N-Heterocyclic carbene (NHC) ligands are ubiquitously utilized in catalysis. A common catalyst design model assumes strong M-NHC binding in this metal-ligand framework. In contrast to this common assumption, we demonstrate here that lability and controlled cleavage of the M-NHC bond (rather than its stabilization) could be more important for high-performance catalysis at low catalyst concentrations. The present study reveals a dynamic stabilization mechanism with labile metal-NHC binding and [PdX3 ]- [NHC-R]+ ion pair formation. Access to reactive anionic palladium intermediates formed by dissociation of the NHC ligands and plausible stabilization of the molecular catalyst in solution by interaction with the [NHC-R]+ azolium ion is of particular importance for an efficient and recyclable catalyst. These ionic Pd/NHC complexes allowed for the first time the recycling of the complex in a well-defined form with isolation at each cycle. Computational investigation of the reaction mechanism confirms a facile formation of NHC-free anionic Pd in polar media through either Ph-NHC coupling or reversible H-NHC coupling. The present study formulates novel ideas for M/NHC catalyst design.

RevDate: 2019-09-27
CmpDate: 2019-09-27

Denisova EA, Eremin DB, Gordeev EG, et al (2019)

Addressing Reversibility of R-NHC Coupling on Palladium: Is Nano-to-Molecular Transition Possible for the Pd/NHC System?.

Inorganic chemistry, 58(18):12218-12227.

It has recently been shown that palladium-catalyzed reactions with N-heterocyclic carbene (NHC) ligands involve R-NHC coupling accompanied by transformation of the molecular catalytic system into the nanoscale catalytic system. An important question appeared in this regard is whether such a change in the catalytic system is irreversible. More specifically, is the reverse nano-to-molecular transformation possible? In view of the paramount significance of this question to the area of catalyst design, we studied the capability of 2-substituted azolium salts to undergo the breakage of C-C bond and exchange substituents on the carbene carbon with corresponding aryl halides in the presence of Pd nanoparticles. The study provides important experimental evidence of possibility of the reversible R-NHC coupling. The observed behavior indicates that the nanosized metal species are capable of reverse transition to molecular species. Such an option, known for phosphine ligands, was previously unexplored for NHC ligands. The present study for the first time demonstrates bidirectional dynamic transitions between the molecular and nanostructured states in Pd/NHC systems. As a unique feature, surprisingly small activation barriers (<18 kcal/mol) and noticeable thermodynamic driving force (-5 to -7 kcal/mol) were calculated for C-C bond oxidative addition to Pd(0) centers in the studied system. The first example of NHC-mediated Pd leaching from metal nanoparticles to solution was observed and formation of Pd/NHC complex in solution was detected by ESI-MS.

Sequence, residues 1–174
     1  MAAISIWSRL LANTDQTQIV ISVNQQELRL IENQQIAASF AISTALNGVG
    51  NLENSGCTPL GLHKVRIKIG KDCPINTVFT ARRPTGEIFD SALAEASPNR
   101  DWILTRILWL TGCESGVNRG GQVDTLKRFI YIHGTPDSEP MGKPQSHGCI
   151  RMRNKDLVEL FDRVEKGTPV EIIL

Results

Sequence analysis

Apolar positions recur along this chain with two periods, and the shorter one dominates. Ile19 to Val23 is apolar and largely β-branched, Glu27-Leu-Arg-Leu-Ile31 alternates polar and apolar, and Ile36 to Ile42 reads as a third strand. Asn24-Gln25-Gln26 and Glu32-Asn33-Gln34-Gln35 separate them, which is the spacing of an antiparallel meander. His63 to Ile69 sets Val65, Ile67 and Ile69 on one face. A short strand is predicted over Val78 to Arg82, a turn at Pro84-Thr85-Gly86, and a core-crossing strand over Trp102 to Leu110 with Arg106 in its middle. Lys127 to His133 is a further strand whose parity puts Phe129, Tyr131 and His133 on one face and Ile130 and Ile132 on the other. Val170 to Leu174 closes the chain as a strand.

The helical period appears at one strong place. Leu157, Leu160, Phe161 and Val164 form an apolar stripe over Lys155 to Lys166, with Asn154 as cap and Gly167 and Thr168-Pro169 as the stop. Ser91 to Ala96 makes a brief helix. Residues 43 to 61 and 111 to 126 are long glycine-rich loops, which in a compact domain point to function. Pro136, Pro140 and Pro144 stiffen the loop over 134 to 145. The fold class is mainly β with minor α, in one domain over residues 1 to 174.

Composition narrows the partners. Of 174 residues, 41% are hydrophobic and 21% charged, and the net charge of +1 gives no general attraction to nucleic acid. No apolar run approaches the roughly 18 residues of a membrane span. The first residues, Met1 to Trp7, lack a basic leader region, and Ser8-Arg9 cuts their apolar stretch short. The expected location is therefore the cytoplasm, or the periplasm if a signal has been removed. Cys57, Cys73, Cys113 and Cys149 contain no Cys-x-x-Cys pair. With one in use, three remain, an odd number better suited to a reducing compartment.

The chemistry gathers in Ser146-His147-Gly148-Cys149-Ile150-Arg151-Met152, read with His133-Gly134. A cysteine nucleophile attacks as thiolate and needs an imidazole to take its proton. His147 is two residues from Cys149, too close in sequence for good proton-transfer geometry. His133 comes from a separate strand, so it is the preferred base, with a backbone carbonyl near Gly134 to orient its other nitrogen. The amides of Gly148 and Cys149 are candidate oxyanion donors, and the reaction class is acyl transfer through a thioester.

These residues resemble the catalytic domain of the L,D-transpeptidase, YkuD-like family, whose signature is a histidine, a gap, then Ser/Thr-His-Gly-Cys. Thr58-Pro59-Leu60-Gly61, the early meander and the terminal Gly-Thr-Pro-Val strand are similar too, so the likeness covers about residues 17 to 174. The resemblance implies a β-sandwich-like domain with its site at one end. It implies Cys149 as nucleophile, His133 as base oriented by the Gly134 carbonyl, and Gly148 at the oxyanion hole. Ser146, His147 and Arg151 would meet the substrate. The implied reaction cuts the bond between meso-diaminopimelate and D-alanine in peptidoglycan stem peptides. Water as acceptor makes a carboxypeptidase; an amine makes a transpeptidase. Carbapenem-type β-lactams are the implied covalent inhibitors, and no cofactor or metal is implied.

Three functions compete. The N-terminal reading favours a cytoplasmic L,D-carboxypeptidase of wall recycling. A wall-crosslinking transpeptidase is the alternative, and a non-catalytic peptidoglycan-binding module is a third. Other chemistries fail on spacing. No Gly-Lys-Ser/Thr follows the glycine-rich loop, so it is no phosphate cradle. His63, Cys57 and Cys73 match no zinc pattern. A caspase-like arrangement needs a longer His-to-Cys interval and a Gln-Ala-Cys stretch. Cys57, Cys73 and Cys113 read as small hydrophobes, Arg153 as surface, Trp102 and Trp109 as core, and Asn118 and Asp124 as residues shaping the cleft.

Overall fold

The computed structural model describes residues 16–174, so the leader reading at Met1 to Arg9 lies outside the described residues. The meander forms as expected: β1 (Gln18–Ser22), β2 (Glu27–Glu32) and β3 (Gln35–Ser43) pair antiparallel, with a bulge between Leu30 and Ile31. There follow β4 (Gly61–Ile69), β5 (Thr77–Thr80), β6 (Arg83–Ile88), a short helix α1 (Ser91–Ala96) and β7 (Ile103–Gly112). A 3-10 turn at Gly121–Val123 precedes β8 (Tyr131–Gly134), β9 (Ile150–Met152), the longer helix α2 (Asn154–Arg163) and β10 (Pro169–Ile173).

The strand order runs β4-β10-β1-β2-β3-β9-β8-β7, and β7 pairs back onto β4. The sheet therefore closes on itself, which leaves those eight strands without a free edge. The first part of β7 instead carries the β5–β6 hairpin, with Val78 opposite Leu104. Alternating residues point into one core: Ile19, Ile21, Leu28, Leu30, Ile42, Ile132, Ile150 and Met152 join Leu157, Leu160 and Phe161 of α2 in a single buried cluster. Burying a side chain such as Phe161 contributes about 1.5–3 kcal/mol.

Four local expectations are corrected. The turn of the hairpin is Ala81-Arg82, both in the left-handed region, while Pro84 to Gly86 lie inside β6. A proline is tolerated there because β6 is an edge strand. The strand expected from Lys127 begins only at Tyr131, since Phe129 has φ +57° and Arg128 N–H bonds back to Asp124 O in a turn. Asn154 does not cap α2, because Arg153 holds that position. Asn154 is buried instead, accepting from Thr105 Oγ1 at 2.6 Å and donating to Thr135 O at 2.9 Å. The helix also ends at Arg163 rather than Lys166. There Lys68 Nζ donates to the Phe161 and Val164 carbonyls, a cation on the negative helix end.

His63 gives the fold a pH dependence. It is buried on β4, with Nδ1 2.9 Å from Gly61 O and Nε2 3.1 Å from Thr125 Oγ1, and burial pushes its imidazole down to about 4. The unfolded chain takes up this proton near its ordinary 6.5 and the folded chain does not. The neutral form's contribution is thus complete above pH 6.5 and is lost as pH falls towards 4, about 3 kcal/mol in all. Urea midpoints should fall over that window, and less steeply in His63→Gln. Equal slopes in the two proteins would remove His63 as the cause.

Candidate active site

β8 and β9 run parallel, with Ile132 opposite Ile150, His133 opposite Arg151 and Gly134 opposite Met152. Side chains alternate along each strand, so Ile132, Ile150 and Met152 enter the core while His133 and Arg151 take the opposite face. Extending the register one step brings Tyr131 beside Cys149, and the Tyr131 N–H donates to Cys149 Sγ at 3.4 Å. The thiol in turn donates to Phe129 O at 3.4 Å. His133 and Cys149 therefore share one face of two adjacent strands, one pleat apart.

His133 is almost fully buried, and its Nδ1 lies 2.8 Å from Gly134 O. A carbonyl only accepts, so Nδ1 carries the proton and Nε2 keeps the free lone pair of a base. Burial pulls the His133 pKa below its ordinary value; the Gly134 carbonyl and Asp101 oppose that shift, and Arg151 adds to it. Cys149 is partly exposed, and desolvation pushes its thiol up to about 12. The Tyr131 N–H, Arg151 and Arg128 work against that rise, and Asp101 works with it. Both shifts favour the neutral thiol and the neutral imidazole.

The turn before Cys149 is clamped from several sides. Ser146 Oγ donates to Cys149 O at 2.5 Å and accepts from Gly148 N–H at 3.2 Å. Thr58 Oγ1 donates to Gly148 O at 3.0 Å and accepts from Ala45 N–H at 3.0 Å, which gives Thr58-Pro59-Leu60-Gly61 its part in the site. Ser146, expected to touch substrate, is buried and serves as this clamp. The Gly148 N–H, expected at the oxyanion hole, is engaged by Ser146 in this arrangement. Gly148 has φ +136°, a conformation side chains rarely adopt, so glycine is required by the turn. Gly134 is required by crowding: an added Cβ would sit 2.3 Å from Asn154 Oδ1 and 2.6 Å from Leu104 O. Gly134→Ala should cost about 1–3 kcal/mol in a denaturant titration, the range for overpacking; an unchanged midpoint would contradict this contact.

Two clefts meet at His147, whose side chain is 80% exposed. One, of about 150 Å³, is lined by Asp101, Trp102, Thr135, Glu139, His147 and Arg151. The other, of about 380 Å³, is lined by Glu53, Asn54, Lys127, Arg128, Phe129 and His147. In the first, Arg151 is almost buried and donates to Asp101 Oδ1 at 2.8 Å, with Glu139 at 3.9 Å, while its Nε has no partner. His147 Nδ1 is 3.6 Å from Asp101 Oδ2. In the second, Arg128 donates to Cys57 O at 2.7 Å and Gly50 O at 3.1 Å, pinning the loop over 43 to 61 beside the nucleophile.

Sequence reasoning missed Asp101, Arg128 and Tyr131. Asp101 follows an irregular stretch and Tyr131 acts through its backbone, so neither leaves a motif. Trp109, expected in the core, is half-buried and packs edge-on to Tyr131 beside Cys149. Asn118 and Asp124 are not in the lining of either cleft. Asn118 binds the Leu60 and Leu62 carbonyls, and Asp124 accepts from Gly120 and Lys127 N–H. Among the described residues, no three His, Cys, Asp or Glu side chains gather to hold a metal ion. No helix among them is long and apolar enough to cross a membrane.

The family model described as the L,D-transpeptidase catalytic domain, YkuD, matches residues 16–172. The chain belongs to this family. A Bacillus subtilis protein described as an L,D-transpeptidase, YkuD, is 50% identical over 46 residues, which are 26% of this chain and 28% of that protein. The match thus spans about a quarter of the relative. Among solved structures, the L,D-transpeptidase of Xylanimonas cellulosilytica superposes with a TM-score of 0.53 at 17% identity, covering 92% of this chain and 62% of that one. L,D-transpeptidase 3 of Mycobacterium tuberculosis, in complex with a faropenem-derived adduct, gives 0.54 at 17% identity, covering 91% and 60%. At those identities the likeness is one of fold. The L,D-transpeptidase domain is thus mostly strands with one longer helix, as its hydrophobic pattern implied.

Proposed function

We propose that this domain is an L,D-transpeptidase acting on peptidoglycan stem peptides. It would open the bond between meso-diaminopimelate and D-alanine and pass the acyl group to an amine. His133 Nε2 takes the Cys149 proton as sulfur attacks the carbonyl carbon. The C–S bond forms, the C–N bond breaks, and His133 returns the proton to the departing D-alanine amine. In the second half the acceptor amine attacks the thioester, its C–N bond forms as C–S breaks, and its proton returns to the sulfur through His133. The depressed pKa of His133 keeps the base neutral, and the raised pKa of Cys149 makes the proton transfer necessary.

RevDate: 2019-08-22

Mikaeeli S, Susan-Resiga D, Girard E, et al (2019)

Functional analysis of natural PCSK9 mutants in modern and archaic humans.

The FEBS journal [Epub ahead of print].

PCSK9 is the last member of the proprotein convertases (PCs) family and its gene is mutated in ~ 2% to 3% of individuals with familial hypercholesterolemia (FH). This protein enhances the degradation of the low-density lipoprotein receptor (LDLR) and hence increases the levels of circulating LDL-cholesterol (LDLc). Studies of the underlying mechanism(s) regulating the activity of different mutations in the PCSK9 gene are ongoing as they enhance our understanding of the biology and clinical relevance of PCSK9 and its partners. In an attempt to unravel the regulation of PCSK9 transcription and possibly identify mutation 'hot spot' regions with alterations in CpG methylation, we present for the first time the complete methylome profile of the PCSK9 gene in modern and archaic humanoids. Our data showed that the genomes of modern humans and archaic PCSK9 exhibit a similar methylation pattern. Next, we defined the mechanistic consequences of three PCSK9 natural mutations (PCSK9-R96L, -R105W, and -P174S) and one archaic Denisovan mutation (PCSK9-H449L) using various complementary cellular and in vitro binding assays. Our results showed that the PCSK9-H449L is a loss-of-function (LOF) mutation, likely due to its lower binding affinity to the LDLR. Similarly, PCSK9-R96L and -R105W are LOF mutations, even though they have been identified in FH patients. The PCSK9-R105W mutation leads to a significantly lower autocatalytic processing of proPCSK9. PCSK9-P174S resulted in a LOF in both extracellular and intracellular pathways. In conclusion, our extensive analyses revealed that all studied mutations result in PCSK9 LOF, via various mechanisms, leading to lower levels of LDLc.